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Dutch government outlaws high potency marijuana – Amsterdam tourists to be banned from buying weed

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spliffAMSTERDAM'S claim to be the laid back drugs capital of Europe was under threat today as the Dutch government launched a crackdown on high strength weed.

Officials will move to classify high-potency marijuana alongside hard drugs such as cocaine and ecstasy, the latest step in the country's ongoing reversal of its famed tolerance policies.

The decision means most of the cannabis now sold in the Netherlands' weed cafes would have to be replaced by milder variants.

But sceptics said the move would be difficult to enforce, and that it could simply lead many users to smoke more of the less potent weed.

Possession of marijuana is technically illegal in the Netherlands, but police do not prosecute people for possession of small amounts, and it is sold openly in designated cafes. Growers are routinely prosecuted if caught.

Economic Affairs Minister Maxime Verhagen said weed containing more than 15 per cent of its main active chemical, THC, is so much stronger than what was common a generation ago that it should be considered a different drug entirely.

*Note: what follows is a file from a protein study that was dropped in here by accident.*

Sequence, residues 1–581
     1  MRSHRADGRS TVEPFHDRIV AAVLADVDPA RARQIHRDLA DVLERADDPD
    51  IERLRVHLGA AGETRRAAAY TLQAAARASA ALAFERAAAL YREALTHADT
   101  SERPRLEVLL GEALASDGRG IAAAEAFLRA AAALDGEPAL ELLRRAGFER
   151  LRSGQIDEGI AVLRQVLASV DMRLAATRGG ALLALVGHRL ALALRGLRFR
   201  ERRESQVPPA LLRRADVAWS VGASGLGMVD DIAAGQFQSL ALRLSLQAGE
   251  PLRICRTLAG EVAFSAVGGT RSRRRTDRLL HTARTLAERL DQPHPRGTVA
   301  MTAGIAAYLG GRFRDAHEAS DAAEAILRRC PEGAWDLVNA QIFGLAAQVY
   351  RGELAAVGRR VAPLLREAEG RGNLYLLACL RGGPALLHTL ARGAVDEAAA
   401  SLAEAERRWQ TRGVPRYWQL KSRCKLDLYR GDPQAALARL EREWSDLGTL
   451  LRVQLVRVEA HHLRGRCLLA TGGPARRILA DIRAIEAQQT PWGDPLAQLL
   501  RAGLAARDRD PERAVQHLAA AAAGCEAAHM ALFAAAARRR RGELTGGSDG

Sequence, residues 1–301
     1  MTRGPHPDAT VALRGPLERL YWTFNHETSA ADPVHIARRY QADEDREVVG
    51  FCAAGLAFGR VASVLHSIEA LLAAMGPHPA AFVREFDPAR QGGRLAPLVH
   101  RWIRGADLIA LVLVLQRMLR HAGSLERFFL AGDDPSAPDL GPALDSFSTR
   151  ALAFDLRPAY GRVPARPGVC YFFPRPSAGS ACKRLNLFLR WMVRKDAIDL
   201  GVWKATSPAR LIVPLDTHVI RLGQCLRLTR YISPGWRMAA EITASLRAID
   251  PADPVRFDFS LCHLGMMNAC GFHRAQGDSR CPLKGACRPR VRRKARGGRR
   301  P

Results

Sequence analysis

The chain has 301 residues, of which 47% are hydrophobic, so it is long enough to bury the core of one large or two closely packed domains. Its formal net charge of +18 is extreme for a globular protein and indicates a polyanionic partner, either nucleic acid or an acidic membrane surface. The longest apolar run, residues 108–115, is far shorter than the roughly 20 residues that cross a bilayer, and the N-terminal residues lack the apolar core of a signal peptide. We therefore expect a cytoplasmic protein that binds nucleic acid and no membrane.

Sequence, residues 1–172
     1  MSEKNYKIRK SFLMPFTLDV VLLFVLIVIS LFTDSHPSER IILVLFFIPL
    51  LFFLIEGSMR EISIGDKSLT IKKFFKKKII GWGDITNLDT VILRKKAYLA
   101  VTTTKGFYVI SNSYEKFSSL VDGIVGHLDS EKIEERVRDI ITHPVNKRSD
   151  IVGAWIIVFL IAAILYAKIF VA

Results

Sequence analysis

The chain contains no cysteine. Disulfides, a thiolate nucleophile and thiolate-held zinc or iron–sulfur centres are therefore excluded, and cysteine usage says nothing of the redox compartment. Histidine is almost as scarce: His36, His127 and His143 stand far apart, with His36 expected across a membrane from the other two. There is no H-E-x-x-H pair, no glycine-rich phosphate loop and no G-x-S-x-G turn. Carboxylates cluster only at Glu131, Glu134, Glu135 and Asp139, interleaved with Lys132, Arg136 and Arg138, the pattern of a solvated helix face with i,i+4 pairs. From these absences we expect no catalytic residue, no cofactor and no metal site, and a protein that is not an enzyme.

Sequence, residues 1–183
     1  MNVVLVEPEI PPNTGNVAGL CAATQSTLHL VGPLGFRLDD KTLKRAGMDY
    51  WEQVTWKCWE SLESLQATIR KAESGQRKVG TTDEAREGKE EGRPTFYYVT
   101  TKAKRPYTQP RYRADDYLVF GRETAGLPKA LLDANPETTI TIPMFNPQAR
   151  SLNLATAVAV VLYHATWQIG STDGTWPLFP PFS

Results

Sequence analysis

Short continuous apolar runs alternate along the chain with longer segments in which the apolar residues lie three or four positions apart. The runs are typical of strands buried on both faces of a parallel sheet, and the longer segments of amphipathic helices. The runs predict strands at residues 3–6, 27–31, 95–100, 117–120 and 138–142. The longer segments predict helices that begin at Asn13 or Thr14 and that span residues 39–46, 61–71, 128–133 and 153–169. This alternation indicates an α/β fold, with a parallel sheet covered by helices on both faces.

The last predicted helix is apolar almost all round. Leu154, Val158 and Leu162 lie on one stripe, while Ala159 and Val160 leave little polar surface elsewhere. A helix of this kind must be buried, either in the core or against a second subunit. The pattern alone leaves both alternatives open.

He told a press conference in The Hague that high potency weed has "played a role in increasing public health damage.''

The Dutch Justice Ministry says it will be up to cafes to regulate their own products and police will seize random samples for testing.

Gerrit-Jan ten Bloomendal, spokesman for the Platform of Cannabis Businesses in the Netherlands, said implementing the plan would be difficult "if not impossible''.

"How are we going to know whether a given batch exceeds 15 per cent THC? For that matter, how would health inspectors know?'' he said.

He also predicted a black market will develop for highly potent weed.

The ongoing Dutch crackdown on marijuana is part of a decade-long rethink of liberalism in general that has seen a third of the windows in Amsterdam's famed prostitution district shuttered and led the Netherlands to adopt some of the toughest immigration rules in Europe.

The number of licensed marijuana cafes has been reduced, and earlier this year the Government announced plans to ban tourists from buying weed.

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